atlantan109, what you really mean is that gentrification improves schools by bringing in mainly whites from the middle and upper middle classes. And what you really mean by improving safety is by herding people - mostly minorities - into shittier neighborhoods, with underfunded schools, further away from transportation and resources, creating more disenfranchisement, and more opportunities for crime.
I need to already have the money to speak at that table. New Furniture to make. Broadway invest.net is ready to meet you. MG
"It is very unfair to push the working poor out of the city."
Fair? What is fair? And where?
News flash: life's not fair. If you rent your place, it can be sold out from under you...or the rent can go up. Actually, that's fairly fair.
It's hard for a single person making over $35,000 to find decent, affordable housing in Atlanta as well. I can only imagine how challenging it is for someone making less than $35,00 with mouths to feed.
If public transit is only available in the city, and not the outskirts of town where the working poor or being displaced, how do they expect people to make a living? It is very unfair to push the working poor out of the city.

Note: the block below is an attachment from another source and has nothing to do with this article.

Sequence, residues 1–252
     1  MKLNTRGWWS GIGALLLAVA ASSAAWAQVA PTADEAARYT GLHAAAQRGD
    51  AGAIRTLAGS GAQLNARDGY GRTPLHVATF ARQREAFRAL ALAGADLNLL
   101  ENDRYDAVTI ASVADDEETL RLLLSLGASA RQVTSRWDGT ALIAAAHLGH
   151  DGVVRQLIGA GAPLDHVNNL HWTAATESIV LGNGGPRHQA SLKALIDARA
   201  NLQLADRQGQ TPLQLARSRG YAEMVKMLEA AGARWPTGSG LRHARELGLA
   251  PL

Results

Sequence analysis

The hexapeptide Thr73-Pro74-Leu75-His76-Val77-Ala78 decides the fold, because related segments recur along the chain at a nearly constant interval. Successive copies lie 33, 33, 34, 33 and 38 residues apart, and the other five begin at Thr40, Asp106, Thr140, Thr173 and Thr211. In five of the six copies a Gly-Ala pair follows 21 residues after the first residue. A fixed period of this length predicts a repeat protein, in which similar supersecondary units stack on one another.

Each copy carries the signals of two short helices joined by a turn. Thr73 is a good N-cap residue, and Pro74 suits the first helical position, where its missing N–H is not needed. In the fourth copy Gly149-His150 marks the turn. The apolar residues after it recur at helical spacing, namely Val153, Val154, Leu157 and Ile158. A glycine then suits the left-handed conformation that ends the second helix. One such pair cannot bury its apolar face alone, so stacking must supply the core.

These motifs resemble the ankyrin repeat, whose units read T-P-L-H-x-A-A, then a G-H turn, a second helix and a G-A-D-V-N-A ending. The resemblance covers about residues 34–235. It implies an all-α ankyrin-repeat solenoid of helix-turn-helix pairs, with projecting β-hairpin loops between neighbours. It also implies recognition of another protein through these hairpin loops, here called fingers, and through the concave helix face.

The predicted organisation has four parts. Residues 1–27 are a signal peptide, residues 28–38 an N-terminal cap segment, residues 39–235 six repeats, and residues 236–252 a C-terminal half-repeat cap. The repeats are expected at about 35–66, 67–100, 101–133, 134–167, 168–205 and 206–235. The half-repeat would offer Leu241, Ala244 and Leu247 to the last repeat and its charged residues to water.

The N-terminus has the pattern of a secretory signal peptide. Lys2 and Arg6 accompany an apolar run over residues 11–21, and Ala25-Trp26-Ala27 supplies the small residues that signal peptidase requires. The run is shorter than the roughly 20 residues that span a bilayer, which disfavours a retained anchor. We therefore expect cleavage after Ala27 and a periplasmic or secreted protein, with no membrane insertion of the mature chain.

Does anyone remember POATS Corner? Two guys played southern rock and it was always packed-think it was at little five points-but my brain is old.
Why not use your own account? Own your words.
Kudos to the CL staff for removing comments that mock ridiculous assertions btw. I've been a victim of reducto ad absurdum too many times and it's about time someone paid attention to my cries for help. I just want to contribute baseless generalizations to the discussion without being made fun of.
I have no dog in this fight as I would not live in that part of the city. BUT.......
Everybody want's shinny and new, but know one wants to pay for it. Every body needs to live in a safe place and that is the cities job. but when the police are afraid to go into the hoods because of the violence that exist, what ya gonna do? oh and get all these baby mommies fixed and we wouldn't have all these single mothers living in these apartments.
Voxpopuli has been reading Clinton's newest campaign literature in which she goes left of Sanders.
Of course, Clinton promises to save the rest of us from herself, her husband and the rest of the evil 1%.